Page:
The Montessori method of education involves children’s natural interests and activities rather than formal teaching methods. A Montessori classroom places an emphasis on hands-on learning and developing real-world skills. It emphasizes independence and it views children as naturally eager for knowledge and capable of initiating learning in a sufficiently supportive and well-prepared learning environment. The underlying philosophy can be viewed as stemming from Unfoldment Theory. It discourages some conventional measures of achievement, such as grades and tests.
The method was developed in the early 20th century by Italian physician Maria Montessori, who developed her theories through scientific experimentation with her students; the method has since been used in many parts of the world, in public and private schools alike.
A range of practices exists under the name “Montessori”, which is not trademarked. Popular elements include mixed-age classrooms, student freedom (including their choices of activity), long blocks of uninterrupted work time, specially trained teachers and prepared environment. Scientific studies regarding the Montessori method are mostly positive, with a 2017 review stating that “broad evidence” exists for its efficacy.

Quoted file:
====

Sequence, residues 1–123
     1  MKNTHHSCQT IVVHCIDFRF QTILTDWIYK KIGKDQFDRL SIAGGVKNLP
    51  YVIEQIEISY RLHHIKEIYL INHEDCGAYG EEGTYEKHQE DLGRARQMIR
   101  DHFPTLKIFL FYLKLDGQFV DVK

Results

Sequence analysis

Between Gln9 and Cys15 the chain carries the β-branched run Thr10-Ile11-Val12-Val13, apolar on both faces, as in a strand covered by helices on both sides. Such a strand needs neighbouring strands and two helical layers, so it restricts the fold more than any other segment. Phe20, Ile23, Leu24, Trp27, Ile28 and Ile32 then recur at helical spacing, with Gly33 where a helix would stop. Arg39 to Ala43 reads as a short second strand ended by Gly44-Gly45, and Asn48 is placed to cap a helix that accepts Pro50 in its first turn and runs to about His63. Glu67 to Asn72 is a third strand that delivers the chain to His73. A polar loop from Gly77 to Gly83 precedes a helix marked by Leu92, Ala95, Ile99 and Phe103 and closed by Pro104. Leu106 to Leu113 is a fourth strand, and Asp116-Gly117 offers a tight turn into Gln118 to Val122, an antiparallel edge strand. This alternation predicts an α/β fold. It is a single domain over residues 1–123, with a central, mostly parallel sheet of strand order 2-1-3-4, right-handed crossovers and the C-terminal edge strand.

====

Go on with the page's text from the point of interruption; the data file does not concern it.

Following her medical training, Maria Montessori began developing her educational philosophy and methods in 1897, attending courses in pedagogy at the University of Rome and learning educational theory.: 60 While visiting Rome’s mental asylums during her schooling with a teacher, Montessori observed that confined children were in need of more stimulation from their environment. In 1907, she opened her first classroom, the Casa dei Bambini, or Children’s House, in a tenement building in Rome.: 112 From the beginning, Montessori based her work on her observations of children and experimentation with the environment, materials, and lessons available to them. She frequently referred to her work as “scientific pedagogy“.